Risk factors for race-associated sudden death in thoroughbred racehorses in the UK (2000-2007)

Reasons for performing study: sudden death adversely affects racehorse welfare, jockey safety and the public perception of horseracing. Objective: to describe the risk of racing-associated sudden death in thoroughbred racehorses in the UK from 2000 to 2007, to identify whether there were risk factors uniquely associated with sudden death and to improve the understanding of the pathogenesis of racing-associated sudden death by identification of risk factors for such cases. Methods: a sudden death was defined as an acute collapse and death, in an apparently healthy thoroughbred racehorse, during or immediately after racing, in the absence of clinical data indicative of a catastrophic orthopaedic injury. The retrospective study included 201 case race starts and 705,712 control race starts. Univariable and multivariable logistic regression were used to identify risk factors for sudden death at any one start. Results: in the multivariable model, age, distance, race type, season and number of starts in the 60 days prior to the race were associated with sudden death. Conclusions: the risk factors identified in this study are not uniquely associated with sudden death and have been also been identified in studies using all causes of fatality as the outcome. These data suggest that a generic approach to reduce fatal musculoskeletal injury and sudden death may be possible. Potential relevance: the identification of risk factors allows speculation on the underlying mechanisms of sudden death in racing. This may stimulate hypothesis-led investigations into the pathogenesis of exercise-related arrhythmias, exercise-induced pulmonary haemorrhage and blood vessel rupture. The study was from the Royal (Dick) School of Veterinary Studies and Roslin Institute, University of Edinburgh, Edinburgh; Easter Bush Veterinary Centre, Midlothian ;UK Animal Health Trust, Newmarket, Suffolk; UK School of Veterinary Medicine, College of Medical, Veterinary and Life Sciences, University of Glasgow, Glasgow; UK Equine Science and Welfare Department, British Horseracing Authority, London; UK Institute of Biodiversity, Animal Health and Comparative Medicine, College of Medical, Veterinary & Life Sciences, University of Glasgow, Glasgow, UK.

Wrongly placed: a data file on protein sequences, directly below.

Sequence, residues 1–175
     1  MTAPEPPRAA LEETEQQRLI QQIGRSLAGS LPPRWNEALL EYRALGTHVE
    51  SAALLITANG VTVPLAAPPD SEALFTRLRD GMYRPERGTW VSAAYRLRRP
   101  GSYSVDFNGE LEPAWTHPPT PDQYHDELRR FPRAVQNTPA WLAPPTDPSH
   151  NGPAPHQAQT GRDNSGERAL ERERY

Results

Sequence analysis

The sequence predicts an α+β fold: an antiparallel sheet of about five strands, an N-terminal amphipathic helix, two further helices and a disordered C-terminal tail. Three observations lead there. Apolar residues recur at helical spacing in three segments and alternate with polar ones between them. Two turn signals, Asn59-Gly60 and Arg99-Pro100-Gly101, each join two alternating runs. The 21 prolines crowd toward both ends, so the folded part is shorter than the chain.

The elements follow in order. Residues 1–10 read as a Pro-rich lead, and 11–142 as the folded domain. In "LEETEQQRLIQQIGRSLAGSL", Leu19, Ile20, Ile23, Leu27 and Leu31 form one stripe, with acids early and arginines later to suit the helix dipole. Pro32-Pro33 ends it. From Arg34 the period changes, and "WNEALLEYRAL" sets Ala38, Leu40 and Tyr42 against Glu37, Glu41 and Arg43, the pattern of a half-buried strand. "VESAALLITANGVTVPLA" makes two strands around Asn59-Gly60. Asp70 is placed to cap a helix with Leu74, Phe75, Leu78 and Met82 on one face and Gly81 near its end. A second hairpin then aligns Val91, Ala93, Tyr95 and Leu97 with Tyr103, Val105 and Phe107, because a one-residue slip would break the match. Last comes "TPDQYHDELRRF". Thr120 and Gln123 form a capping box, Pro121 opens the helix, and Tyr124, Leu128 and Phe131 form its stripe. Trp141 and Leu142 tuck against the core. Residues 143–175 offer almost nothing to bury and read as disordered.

Lyle CH, Blissitt KJ, Kennedy RN, et al. Equine Vet J. 2011 Dec 1 [Epub ahead of print].